Thursday, August 25, 2011
IMDb listing -
Roger Ebert’s review -
The Interrupters (directed by Steve James) is a documentary which follows a Chicago-based gang intervention group called Ceasefire and its interrupters, which began as a project of Epidemiologist Gary Slutkin, M.D. of the University of Illinois, Chicago. Though he had spent much of his career combating infectious disease in East Africa, he came to see inner-city violence in terms of an infectious disease / public health model. From this model came his approach of assembling a group “interrupters” composed of _former gang members_ who had all served serious time in prison for serious crimes, who would be specifically trained to intervene in situations of incipient gang or street violence to deescalate the situations and talk the people down from acting out their rage. They would maintain a presence in neighborhoods at risk and establish rapport and friendships with youth at risk, etc.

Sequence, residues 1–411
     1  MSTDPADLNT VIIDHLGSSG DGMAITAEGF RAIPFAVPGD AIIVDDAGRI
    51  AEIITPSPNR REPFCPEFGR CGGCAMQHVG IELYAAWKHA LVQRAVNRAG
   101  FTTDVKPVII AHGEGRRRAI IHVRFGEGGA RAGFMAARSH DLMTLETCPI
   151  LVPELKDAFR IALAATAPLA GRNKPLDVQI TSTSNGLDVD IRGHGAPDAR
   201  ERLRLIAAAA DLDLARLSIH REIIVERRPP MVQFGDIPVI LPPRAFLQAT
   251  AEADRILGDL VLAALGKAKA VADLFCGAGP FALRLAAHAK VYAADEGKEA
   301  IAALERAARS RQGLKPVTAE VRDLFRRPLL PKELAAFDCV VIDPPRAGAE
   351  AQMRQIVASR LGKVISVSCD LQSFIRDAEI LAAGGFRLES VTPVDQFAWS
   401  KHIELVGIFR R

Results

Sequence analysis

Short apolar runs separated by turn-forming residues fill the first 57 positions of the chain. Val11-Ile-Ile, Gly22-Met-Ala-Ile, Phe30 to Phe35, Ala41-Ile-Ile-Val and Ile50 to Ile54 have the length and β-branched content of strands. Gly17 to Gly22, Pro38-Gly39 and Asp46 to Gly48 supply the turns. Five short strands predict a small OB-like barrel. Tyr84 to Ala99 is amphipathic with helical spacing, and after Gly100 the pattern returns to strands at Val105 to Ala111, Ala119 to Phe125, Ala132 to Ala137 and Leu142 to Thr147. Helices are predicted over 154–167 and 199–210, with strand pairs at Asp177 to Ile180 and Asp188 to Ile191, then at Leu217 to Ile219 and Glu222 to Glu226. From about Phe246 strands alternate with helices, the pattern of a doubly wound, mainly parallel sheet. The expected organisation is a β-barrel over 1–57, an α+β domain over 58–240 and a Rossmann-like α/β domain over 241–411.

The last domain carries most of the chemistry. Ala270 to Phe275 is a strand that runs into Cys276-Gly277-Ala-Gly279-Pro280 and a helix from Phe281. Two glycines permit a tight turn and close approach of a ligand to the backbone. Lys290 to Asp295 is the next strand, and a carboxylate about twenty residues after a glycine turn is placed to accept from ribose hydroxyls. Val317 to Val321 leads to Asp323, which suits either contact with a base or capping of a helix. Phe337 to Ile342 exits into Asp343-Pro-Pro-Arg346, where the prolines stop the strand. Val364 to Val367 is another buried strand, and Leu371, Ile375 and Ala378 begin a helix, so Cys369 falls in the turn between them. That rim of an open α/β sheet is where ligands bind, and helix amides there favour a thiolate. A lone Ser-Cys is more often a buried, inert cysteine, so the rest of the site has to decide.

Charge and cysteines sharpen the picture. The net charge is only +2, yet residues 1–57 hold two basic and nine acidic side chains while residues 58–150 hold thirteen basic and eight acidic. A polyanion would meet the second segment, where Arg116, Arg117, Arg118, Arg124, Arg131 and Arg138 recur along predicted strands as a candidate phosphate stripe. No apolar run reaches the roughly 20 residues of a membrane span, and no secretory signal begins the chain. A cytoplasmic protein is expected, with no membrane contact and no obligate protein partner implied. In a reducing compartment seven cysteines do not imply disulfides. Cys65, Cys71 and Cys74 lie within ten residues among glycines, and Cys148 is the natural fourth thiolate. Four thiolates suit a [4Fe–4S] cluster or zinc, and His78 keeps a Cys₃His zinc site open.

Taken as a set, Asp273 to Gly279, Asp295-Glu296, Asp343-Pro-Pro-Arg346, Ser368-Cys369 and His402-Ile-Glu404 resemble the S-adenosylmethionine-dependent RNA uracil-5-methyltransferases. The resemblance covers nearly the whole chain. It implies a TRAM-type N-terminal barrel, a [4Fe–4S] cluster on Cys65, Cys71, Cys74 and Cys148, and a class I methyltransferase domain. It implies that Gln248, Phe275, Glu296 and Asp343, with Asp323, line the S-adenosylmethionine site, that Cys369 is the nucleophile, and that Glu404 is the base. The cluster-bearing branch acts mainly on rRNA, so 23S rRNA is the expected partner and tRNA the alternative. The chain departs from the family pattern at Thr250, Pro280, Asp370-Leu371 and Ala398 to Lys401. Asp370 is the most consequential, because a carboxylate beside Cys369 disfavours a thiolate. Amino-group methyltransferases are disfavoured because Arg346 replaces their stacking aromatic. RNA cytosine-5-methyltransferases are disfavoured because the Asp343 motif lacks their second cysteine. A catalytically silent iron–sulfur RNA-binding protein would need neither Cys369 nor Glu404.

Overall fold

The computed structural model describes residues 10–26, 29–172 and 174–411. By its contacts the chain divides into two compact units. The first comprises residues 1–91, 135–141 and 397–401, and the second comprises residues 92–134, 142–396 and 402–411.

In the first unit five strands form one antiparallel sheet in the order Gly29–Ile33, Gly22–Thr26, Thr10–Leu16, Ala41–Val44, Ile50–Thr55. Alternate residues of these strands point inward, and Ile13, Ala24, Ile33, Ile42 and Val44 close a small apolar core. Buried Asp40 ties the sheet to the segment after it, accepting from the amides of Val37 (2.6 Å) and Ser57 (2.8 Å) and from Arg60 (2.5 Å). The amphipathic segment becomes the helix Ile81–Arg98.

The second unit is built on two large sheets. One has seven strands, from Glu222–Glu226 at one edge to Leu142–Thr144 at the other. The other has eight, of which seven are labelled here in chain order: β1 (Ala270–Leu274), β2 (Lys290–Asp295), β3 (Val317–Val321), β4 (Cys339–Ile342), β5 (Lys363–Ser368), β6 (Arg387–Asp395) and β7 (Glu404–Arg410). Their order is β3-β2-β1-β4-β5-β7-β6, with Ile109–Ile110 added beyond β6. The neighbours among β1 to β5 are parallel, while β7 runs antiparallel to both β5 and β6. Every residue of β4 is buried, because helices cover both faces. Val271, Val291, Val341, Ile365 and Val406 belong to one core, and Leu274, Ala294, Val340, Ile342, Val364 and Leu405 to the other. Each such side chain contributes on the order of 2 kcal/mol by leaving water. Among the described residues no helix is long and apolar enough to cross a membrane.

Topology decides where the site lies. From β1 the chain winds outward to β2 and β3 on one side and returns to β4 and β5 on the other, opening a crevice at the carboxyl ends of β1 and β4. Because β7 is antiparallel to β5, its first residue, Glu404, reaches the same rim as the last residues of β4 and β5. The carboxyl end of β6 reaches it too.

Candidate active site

The model is as yet not a silver bullet, but it does help. It does have its element of controversy as it does use former convicts. Nevertheless, these former convicted gang members do have _immediate street credibility_ with current gang members at risk of getting in trouble themselves and it offers these former convicted gang members an opportunity at redemption.
Indeed, the movie presents many examples of such redemption and reconciliation. One particularly striking example was of a young man who had served several years in prison for the armed hold-up of beauty solon, came along with several members of “the Interrupters” back to the beauty salon that he had held-up at gun point to apologize to the owner. He got an earful from her as she described to him in detail what it was like to be at the other end of his gun and not knowing whether she, her children, co-workers and patrons were going to live through the morning that he held-up her shop. Still by the end of the encounter, she forgave him and thanked him for having the courage to come back. And there several other such encounters in the film.